Levy County Emergency Management Emergecny Operations Center located in Bronson Florida is the direction and control facility for Levy County in times of disaster.
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Fujita Scale for Tornadic Activity

F-O: Gale Tornado

40-72 mph
Damage: Some minor destruction to chimmneys, breaks branches off trees, pushes over shallow-rooted trees.

F-1: Moderate Tornado
73-112 mph
Damage: The lower limit is the begining of hurricane wind speed. Peels surface off roofs, mobile homes pushed off foundations or overturned, moving autos pushed off the roads, attached garages may be destroyed.

F-2: Significant Tornado
113-157 mph
Damage: Considerable damage. Roofs torn off frame houses, mobile homes demolished, boxcars pushed over, large trees snapped or uprooted, light object misslies generated.

F-3: Severe Tornado
Damage: Roof and sopme walls torn off well-constructed houses, trains and cars overturned, most trees in forest uprooted.

F-4: Devastating Tornado
207-260 mph
Damage: Well-constructed houses and buildings leveled, structures with weak foundations blown off some distance, cars thrown, large missiles generated.

F-5: Incredible Tornado
261-318 mph
Damage: Strong frame houses lifted off foundations and likely carried considerable distances to disintigrate, automobile-sized missiles fly through the air in excess of 100 meters, trees debarked, steel reinforced concrete structures badly damaged.
 Nature's Most Violent Storms
Although tornadoes occur in many parts of the world, these destructive forces of nature are found most frequently in the U.S. east of the Rocky Mountains during the spring and summer months. In an average year, 800 tornadoes are reported nationwide, resulting in 80 deaths and over 1,500 injuries. Florida gets more small tornadoes per square mile than any other state, but so few big ones that most people don't consider it as a "tornado alley".

A tornado is defined as a violently rotating column of air extending from a thunderstorm to the ground. The most violent are capable of tremendous destruction with wind speeds of 250 mph or more. Damage Paths can be in excess of one mile wide and 50 miles long. Most tornadoes last only two or three minutes. The kind that we see in videos and the kind that do the damage we see on the news probably average about 15 minutes.

What Causes Tornadoes?  
Thunderstorms develop in warm, moist air in advance of eastward-moving cold fronts. These thunderstorms often produce large hail, strong winds, and tornadoes. Occasionally, large outbreaks of tornadoes occur along strong frontal systems that form in the Central States and move east. Several states may be affected by numerous severe thunderstorms and tornadoes.

Tornadoes occasionally accompany tropical storms and hurricanes that move over land. They are most common to the right and ahead of the path of the storm center as it comes ashore. Before thunderstorms develop, a change in wind direction and an increase in wind speed with increasing height creates an invisible, horizontal spinning effect in the lower atmosphere.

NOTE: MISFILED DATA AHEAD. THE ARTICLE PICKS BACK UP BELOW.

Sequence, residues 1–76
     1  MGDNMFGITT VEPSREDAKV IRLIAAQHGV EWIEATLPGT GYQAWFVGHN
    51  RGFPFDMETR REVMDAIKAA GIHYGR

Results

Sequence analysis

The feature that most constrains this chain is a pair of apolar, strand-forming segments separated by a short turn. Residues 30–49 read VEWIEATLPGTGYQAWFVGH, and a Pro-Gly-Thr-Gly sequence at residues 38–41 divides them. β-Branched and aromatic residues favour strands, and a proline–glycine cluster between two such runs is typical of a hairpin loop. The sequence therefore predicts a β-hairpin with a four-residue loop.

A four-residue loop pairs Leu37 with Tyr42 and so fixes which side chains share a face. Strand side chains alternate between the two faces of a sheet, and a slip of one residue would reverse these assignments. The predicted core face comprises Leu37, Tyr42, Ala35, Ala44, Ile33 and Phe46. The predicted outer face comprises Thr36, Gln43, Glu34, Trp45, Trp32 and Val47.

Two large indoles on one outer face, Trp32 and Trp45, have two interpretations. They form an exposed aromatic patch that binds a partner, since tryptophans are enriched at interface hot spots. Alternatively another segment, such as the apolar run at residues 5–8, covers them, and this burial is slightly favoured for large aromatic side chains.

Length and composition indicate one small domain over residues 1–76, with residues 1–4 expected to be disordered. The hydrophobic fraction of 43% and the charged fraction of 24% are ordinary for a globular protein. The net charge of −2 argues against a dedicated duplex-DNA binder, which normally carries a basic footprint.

Rising air within the thunderstorm updraft then tilts the rotating air from horizontal to vertical. An area of rotation, 2-6 miles wide, now extends through much of the storm. Most strong and violent tornadoes form within this area of strong rotation.

A key point to remember is this: the size of a tornado is not necessarily an indication of its intensity. Large tornadoes can be weak, and small tornadoes can be violent.

Tornadoes take many shapes and sizes:

Weak Tornadoes - Account for 69% of all tornadoes and less than 5% of the deaths. Their lifetime is usually less than 10 minutes with winds less than 110 mph.

Strong Tornadoes - Account for 29% of all tornadoes and nearly 29% of the deaths. They last 20 minutes or longer with winds of 110-205 mph.

Violent Tornadoes - Account for only 2% of all tornadoes and 70% of the deaths. They can last over one hour with winds greater than 205 mph.

Waterspouts - Weak tornadoes that form over warm water and are most common along the Gulf Coast. Waterspouts occasionally move inland becoming tornadoes and causing damage and injuries.

Tornado Watch - Issued when conditions are favorable for tornadoes to develop. You should monitor local radio or TV stations to stay informed and to know immediately if a Tornado Warning is issued.

Tornado Warning - Issued when a tornado has been sighted in the area. Take shelter immediately! New radar technology known as DOPPLER has the ability to detect wind directions that may indicate a tornado and a tornado warning may be issued before one is actually sighted by the public.

NOTE: In this area, tornadoes form quickly and seldom last very long. Warning for these types of tornadoes is often not possible. Remain alert for signs of an approaching tornado. Many people have stated that a tornado "sounds like a train". Tornadoes are usually not detected until they have picked up visible dust and debris.

What To Do If A Warning Is Issued
In a building, move to a pre-determined shelter such as a basement. If underground shelter is not available, move to an interior room or hallway on the lowest floor and get under a sturdy piece of furniture.Stay away from windows.Get under something sturdy like a heavy table. If you can, cover yourself with a blanket or sleeping bag.In a highrise building, use the stairs to go to the designated shelter area or an interior room on the lowest floor possible.Get out of automobiles. Do not try to outrun a tornado in your car.If caught outside, lie flat in a nearby ditch or depression in the ground.Mobile homes, even if tied down, offer little protection from tornadoes and should be abandoned.

Tornado Preparedness Guide pdf5.65 MB